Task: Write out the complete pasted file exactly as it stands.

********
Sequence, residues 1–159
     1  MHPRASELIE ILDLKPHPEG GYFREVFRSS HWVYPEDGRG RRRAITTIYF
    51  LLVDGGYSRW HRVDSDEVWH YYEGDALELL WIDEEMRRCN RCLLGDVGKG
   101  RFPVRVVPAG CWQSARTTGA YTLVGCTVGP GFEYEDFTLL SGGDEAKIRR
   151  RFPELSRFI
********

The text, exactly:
Sequence, residues 1–159
     1  MHPRASELIE ILDLKPHPEG GYFREVFRSS HWVYPEDGRG RRRAITTIYF
    51  LLVDGGYSRW HRVDSDEVWH YYEGDALELL WIDEEMRRCN RCLLGDVGKG
   101  RFPVRVVPAG CWQSARTTGA YTLVGCTVGP GFEYEDFTLL SGGDEAKIRR
   151  RFPELSRFI